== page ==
Some courts require people convicted of driving under the influence to install a breathalyzer in their cars that prevents them from starting the vehicle if alcohol is detected. Regulators said it’s unlikely future technology would be as intrusive as requiring drivers to blow into a breathalyzer every time they start their cars. Anti-drunk driving technology may be a long way off, however. NHTSA’s notice of proposed rule making said that the agency must be assured the technology works consistently before it can require it, and then give automakers at least three years to implement it once it finalizes the rules.
“We are trying to see, can we get it done, does the technology exist in a way that is going to work every time,” said Ann Carlson, the acting NHTSA administrator, adding that public acceptance of the technology would depend on its accuracy. She said there were close to 1 billion trips made by cars and trucks every day in the United States. “If it’s [only] 99.9% accurate, you could have a million false positives,” Carlson said. “Those false positives could be somebody trying to get to the hospital for an emergency.”
In a message to the people who will be working to develop these new technologies, deputy transportation secretary Polly Trottenberg said, ““We’re doing this because we know the need is great. We’re going to call on everyone, our advocate partners, academics and innovators in the technology space. Please bring your best ideas, your research — let’s join together to advance as quickly as we can the next technology in impaired driving prevention.”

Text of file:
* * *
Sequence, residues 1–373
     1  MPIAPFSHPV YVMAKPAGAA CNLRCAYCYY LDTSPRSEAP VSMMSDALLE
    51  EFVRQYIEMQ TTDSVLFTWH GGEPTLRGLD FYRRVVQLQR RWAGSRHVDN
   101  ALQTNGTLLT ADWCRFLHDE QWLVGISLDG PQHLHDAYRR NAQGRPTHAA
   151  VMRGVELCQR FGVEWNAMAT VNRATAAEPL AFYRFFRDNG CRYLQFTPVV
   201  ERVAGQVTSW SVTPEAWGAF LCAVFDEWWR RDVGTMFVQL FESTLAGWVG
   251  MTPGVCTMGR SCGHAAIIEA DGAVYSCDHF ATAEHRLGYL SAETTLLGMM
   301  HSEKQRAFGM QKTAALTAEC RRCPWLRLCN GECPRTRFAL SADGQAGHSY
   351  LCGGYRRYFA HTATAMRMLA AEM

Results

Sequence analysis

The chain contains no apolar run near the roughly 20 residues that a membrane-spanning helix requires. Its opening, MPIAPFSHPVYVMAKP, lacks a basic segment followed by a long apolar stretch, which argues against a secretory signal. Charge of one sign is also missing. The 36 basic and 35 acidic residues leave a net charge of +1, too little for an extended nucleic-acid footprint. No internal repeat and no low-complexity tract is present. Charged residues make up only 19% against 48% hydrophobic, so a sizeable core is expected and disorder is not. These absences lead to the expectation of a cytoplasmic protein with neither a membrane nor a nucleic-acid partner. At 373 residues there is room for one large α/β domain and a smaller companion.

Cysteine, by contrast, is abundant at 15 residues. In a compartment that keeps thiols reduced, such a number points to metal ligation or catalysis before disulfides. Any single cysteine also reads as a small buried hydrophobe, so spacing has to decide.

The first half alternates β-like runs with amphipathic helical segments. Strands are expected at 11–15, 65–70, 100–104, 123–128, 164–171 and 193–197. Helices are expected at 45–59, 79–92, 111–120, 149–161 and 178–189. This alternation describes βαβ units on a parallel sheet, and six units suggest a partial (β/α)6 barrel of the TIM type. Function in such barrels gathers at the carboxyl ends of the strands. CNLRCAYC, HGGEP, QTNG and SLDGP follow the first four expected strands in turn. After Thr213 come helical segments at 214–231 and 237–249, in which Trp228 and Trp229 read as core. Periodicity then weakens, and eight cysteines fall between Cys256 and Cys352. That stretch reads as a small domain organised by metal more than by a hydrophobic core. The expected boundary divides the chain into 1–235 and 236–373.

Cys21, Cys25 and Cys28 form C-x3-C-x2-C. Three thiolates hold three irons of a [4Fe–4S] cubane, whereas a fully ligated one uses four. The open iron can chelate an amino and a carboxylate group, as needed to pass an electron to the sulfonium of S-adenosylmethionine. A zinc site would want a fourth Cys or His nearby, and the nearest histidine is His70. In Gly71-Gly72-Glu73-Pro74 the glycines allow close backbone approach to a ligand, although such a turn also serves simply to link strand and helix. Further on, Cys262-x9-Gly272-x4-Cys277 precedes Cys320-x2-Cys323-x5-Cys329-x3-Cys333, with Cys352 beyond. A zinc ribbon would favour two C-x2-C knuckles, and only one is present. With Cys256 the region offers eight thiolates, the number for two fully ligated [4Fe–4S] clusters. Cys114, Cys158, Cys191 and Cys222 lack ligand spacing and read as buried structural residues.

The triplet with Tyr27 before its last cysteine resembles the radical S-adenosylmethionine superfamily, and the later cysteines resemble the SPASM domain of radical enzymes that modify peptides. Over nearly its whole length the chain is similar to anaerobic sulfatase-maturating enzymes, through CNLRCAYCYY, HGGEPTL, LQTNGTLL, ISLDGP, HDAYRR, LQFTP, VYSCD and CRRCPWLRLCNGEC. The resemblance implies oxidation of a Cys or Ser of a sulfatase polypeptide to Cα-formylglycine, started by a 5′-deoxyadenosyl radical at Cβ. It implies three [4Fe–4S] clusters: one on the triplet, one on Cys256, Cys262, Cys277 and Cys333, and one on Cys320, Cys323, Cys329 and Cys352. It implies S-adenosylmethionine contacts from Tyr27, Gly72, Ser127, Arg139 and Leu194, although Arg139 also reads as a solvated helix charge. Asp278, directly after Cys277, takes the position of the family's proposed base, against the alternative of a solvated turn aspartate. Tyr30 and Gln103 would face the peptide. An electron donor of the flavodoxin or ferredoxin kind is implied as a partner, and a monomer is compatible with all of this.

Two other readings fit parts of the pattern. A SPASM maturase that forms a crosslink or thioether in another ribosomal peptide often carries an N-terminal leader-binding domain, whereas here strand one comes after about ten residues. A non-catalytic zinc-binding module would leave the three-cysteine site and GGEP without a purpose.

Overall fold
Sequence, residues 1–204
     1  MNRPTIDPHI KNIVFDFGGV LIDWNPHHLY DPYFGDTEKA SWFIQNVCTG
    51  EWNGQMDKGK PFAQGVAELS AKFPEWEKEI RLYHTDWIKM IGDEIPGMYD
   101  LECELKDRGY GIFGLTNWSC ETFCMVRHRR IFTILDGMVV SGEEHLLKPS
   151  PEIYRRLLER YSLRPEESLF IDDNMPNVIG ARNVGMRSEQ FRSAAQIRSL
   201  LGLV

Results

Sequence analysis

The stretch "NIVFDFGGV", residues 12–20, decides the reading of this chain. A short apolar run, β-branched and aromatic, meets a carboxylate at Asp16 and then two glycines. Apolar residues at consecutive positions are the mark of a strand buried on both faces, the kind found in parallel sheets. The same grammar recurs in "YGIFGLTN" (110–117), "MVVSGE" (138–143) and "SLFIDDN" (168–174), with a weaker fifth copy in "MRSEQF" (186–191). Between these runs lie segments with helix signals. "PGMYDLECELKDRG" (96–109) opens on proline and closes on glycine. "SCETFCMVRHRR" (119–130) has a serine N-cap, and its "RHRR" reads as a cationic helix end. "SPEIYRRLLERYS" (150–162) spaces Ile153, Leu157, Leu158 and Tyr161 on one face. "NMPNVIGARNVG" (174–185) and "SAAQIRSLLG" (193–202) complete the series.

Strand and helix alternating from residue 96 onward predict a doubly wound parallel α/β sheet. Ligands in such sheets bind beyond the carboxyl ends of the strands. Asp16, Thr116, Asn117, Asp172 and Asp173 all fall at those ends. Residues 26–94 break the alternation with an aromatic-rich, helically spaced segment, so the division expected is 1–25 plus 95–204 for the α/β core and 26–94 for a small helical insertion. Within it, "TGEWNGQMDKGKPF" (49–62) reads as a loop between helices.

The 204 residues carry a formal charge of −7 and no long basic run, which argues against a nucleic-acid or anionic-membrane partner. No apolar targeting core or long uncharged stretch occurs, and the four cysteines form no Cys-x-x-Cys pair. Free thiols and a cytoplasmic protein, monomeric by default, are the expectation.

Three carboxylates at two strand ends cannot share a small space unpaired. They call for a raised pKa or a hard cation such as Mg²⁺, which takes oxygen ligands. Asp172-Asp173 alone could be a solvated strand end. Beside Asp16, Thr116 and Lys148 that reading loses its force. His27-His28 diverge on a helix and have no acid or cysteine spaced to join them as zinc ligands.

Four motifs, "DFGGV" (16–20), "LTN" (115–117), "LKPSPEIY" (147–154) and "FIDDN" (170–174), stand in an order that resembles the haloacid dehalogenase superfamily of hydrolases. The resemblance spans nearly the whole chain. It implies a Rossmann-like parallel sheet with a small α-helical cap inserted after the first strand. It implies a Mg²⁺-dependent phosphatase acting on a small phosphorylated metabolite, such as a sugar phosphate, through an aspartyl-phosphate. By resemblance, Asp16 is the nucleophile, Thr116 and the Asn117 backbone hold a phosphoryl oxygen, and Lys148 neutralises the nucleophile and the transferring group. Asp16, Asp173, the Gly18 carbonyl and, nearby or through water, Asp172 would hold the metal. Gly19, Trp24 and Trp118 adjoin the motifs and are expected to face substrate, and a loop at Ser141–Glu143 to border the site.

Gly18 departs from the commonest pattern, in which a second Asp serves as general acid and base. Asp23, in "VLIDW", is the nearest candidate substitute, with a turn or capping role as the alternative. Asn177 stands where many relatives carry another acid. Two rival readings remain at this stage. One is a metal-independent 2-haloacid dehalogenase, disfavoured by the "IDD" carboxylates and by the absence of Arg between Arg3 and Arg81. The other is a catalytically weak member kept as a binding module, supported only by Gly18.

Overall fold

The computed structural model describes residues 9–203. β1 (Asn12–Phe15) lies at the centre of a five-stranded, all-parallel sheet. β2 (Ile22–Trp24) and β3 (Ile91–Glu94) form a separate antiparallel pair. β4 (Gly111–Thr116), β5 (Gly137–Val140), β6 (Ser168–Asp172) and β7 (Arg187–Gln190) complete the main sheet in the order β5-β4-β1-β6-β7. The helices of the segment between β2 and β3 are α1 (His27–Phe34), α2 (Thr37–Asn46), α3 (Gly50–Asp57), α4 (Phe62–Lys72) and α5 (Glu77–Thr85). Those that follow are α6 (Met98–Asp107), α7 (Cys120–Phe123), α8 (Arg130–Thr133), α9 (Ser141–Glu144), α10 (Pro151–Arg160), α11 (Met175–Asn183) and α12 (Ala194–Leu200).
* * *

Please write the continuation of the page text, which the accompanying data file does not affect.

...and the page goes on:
NHTSA Mandate Would Alter Driving
A mandate would alter the relationship drivers have with their cars by effectively giving vehicles a veto over whether someone is fit to drive. Regulators acknowledge that the sensors would probably need to work flawlessly to gain acceptance. In the 1970s, Congress mandated that cars not be allowed to start if the seat belts were not buckled. The motoring public was none too pleased with the requirement, however, and the law was repealed soon after it was enacted.
The root of the problem remains a general acceptance of drinking and driving by Americans. It is almost a right of passage for some people to drive drunk. We get outraged if a computer malfunction leads to a fatal crash but pooh pooh the business executive who runs a red light after a few Johnny Walker’s at the club on the way home from work.
In Scandinavia, there is no tolerance for drunk driving as part of the culture and the legal limit for blood alcohol is 0.02% or less. Penalties are severe and enforcement strict. Drunk driving is viewed as antisocial behavior that has no place in daily life.
In some respects, drunk driving in America needs an attitude adjustment as much as it needs new technology. If there was less social acceptance, the incidence of drunk driving would be lessened as well. “Don’t drink and drive” needs to become the accepted wisdom for driving in America.
This almost seems like something the Musketeers at Tesla could solve in an afternoon. Compared to the challenge of making cars drive themselves, this problem seems like child’s play. It certainly can’t be any more complicated than making rockets fly backwards. For a company that prides itself on making driving safer, eliminating drunks behind the wheel would be a huge service to society.